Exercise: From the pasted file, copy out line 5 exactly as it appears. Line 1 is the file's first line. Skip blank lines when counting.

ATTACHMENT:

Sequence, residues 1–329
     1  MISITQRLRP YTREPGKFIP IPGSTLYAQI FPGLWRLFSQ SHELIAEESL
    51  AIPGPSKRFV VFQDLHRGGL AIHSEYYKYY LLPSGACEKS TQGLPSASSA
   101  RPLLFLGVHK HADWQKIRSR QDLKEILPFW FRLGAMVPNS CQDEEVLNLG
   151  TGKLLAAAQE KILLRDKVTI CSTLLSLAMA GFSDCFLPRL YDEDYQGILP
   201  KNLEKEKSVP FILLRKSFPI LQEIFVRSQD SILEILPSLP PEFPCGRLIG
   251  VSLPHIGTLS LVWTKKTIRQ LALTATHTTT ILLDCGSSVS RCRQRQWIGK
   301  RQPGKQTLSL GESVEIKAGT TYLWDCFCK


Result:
   151  TGKLLAAAQE KILLRDKVTI CSTLLSLAMA GFSDCFLPRL YDEDYQGILP